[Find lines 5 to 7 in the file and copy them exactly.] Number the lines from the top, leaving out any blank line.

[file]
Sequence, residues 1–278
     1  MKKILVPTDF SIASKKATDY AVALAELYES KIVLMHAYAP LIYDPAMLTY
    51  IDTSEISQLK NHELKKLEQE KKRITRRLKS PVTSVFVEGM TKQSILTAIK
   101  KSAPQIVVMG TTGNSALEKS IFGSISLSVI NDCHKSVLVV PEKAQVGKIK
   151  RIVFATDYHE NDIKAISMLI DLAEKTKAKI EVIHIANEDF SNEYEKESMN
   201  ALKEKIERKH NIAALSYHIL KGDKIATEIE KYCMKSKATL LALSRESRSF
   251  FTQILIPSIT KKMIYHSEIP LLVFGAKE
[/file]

   151  RIVFATDYHE NDIKAISMLI DLAEKTKAKI EVIHIANEDF SNEYEKESMN
   201  ALKEKIERKH NIAALSYHIL KGDKIATEIE KYCMKSKATL LALSRESRSF
   251  FTQILIPSIT KKMIYHSEIP LLVFGAKE